By Mary Catherine Johnston
Mussel research, facilitated with the BTA’s Thicket of Diversity funding, has resulted in a journal publication in Hydrobiologia. Alison Tarter, Southern Regional Climate Center, Texas A&M; Tarter and A.N. Schwalb, Texas State University; D.F. Ford, Edge Engineering and Science, Houston; D.E. Symonds, Stantec Consulting, Columbus, OH; and N.B Ford, University of Texas at Tyler published “Impact of extreme climatic events on unionid mussels in a subtropical river basin.” They tested specific predictions of extreme climatic events on freshwater mussels, a species that is highly imperiled. Recent and historical Big Thicket mussel data was compared.
Drought had the most detrimental impact leading to community-wide declines. Flooding led to shifts in community composition and spatial distribution. It was noted that dominance of species shifted to those more tolerable of disturbance.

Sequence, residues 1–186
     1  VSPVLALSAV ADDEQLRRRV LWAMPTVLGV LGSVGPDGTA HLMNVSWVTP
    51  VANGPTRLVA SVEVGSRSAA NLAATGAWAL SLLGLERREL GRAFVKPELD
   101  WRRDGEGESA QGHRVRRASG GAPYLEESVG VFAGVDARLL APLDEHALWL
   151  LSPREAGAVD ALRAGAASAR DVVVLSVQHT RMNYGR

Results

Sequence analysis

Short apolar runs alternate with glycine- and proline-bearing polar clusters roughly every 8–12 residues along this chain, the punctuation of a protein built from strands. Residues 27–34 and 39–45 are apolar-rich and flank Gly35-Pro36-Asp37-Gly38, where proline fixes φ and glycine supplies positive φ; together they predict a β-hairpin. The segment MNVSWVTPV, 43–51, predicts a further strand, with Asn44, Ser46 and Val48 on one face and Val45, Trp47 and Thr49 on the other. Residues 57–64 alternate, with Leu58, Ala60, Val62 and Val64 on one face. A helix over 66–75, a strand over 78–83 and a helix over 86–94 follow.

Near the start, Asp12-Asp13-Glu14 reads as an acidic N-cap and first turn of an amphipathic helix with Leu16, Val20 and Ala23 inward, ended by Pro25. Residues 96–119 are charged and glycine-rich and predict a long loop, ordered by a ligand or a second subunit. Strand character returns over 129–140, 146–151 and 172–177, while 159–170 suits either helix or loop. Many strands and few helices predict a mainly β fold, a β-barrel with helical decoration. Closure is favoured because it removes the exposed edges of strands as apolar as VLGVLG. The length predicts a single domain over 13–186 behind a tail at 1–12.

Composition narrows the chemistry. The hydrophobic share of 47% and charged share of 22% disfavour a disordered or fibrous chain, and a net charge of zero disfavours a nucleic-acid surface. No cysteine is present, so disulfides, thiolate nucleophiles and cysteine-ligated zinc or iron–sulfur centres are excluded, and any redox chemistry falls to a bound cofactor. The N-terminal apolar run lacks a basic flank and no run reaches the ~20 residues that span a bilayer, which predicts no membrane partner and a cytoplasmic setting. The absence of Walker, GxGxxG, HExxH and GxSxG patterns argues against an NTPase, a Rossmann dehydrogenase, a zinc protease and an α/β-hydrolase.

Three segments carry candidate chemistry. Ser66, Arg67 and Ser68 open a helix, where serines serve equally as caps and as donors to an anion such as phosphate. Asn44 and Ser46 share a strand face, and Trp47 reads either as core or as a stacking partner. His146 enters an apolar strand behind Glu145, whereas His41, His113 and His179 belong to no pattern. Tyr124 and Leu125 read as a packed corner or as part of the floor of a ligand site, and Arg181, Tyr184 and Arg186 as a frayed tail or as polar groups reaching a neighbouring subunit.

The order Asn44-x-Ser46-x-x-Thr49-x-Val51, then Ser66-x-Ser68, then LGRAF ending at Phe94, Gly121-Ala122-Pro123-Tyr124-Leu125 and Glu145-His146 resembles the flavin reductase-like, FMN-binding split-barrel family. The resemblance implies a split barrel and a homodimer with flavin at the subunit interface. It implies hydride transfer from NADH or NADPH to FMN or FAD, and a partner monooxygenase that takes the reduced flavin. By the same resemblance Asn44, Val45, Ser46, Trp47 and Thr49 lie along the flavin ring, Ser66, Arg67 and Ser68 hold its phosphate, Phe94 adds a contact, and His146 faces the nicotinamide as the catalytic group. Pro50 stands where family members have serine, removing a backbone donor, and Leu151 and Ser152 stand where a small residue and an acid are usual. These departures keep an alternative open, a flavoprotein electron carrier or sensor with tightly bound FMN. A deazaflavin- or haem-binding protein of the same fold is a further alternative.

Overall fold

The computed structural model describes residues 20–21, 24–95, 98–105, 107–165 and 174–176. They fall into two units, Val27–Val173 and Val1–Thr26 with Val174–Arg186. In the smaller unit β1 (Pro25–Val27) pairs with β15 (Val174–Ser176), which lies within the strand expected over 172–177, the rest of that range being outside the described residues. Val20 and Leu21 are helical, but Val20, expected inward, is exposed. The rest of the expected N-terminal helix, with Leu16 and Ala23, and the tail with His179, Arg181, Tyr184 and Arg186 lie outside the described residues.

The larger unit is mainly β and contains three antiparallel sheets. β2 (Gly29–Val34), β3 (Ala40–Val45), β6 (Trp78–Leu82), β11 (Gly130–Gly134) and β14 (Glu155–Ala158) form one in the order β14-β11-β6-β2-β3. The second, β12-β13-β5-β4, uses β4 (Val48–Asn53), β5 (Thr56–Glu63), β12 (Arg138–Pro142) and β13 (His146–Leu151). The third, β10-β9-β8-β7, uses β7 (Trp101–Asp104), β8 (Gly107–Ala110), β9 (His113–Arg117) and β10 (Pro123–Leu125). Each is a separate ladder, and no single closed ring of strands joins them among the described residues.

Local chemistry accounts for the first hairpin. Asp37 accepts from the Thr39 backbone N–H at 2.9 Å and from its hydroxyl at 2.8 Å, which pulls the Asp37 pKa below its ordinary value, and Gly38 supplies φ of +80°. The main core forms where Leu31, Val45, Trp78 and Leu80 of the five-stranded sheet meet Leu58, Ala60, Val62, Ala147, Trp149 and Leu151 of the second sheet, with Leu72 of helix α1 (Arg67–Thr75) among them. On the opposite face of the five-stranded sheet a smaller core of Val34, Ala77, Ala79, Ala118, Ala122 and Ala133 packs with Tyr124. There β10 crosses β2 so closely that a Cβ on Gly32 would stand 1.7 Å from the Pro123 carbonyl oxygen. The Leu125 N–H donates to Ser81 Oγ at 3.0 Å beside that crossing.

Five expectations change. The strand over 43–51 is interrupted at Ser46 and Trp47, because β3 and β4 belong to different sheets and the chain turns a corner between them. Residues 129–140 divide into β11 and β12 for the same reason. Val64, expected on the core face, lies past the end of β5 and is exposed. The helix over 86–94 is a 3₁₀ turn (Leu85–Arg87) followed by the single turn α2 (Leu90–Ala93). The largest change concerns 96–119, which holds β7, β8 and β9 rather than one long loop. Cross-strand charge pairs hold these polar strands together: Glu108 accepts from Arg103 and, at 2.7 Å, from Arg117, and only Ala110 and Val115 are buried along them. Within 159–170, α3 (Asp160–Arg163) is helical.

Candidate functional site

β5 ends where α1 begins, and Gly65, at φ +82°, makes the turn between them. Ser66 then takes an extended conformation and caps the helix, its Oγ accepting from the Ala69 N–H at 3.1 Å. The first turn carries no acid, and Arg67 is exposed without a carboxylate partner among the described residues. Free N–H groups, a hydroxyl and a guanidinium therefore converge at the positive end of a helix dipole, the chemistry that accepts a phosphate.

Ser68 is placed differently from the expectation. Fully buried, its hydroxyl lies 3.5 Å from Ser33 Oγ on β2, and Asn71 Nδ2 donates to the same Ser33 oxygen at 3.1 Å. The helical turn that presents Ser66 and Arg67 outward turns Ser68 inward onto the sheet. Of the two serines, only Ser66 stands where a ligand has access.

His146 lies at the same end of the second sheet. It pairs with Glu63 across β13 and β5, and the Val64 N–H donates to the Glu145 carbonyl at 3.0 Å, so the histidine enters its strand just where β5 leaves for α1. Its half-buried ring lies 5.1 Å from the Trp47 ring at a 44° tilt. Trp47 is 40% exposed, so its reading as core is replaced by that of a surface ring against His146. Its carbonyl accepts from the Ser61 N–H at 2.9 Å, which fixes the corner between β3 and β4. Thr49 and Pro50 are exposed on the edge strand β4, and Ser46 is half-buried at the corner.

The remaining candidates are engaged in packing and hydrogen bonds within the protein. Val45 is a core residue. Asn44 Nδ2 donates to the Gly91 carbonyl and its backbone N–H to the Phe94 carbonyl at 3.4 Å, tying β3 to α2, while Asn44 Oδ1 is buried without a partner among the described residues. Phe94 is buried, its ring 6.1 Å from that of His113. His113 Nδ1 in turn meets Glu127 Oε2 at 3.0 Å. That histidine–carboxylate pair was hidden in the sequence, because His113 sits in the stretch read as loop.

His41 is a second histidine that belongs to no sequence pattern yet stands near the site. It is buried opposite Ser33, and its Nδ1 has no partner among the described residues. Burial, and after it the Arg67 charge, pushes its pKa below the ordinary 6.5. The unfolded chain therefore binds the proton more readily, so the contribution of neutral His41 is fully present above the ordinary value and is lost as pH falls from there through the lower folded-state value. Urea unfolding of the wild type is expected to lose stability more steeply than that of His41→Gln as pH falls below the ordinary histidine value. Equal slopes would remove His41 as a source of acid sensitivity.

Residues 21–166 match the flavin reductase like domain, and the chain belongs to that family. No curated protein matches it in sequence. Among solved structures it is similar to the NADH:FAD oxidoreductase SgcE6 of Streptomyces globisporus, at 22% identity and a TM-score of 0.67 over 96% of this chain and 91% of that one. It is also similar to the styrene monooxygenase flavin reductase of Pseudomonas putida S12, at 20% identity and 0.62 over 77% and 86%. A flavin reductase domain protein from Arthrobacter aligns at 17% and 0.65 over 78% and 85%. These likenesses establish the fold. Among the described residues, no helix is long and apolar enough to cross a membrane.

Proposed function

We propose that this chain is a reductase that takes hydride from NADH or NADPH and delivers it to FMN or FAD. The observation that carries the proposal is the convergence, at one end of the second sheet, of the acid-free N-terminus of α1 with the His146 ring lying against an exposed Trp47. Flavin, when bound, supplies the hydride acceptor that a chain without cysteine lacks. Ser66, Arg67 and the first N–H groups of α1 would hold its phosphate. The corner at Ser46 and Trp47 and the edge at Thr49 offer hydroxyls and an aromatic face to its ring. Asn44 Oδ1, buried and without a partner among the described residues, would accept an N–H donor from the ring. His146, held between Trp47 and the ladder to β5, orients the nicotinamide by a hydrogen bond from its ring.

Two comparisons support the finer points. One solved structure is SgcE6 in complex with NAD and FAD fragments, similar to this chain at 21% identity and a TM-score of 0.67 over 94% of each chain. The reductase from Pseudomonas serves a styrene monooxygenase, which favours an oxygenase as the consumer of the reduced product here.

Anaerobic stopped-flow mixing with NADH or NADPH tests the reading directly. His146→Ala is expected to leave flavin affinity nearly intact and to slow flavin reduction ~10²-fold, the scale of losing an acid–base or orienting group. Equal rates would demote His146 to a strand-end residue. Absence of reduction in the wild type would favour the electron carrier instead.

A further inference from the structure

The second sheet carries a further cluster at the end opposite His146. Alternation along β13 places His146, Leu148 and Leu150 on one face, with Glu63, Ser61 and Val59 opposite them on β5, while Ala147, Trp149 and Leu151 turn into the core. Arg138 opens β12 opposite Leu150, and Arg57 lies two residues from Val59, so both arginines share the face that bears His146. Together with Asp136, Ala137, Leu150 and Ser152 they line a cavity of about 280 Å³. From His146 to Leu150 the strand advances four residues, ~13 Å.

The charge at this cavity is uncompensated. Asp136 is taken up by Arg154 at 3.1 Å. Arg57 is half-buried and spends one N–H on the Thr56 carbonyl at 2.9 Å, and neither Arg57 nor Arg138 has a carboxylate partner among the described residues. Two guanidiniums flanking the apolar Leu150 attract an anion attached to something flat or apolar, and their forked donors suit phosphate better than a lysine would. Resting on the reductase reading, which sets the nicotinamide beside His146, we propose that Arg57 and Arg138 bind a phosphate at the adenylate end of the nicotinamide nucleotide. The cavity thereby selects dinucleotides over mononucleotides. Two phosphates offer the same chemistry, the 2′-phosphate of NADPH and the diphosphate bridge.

The impact of flooding was likely buffered by connectivity with extensive backwater areas, forming large wetlands, which may serve as crucial refuges for mussels during extreme climatic events. According to the authors, protecting wetlands is crucial to protect freshwater mussels and the ecosystem services they provide.
Research was performed through the Thicket of Diversity with penalty monies from a Texas Commission on Environmental Quality enforcement action. Tarter and Schwalb research is active and ongoing as recipients of funding for “Freshwater mussel biodiversity survey and evaluation of population response to catastrophic flooding within the Big Thicket National Preserve (part 2).”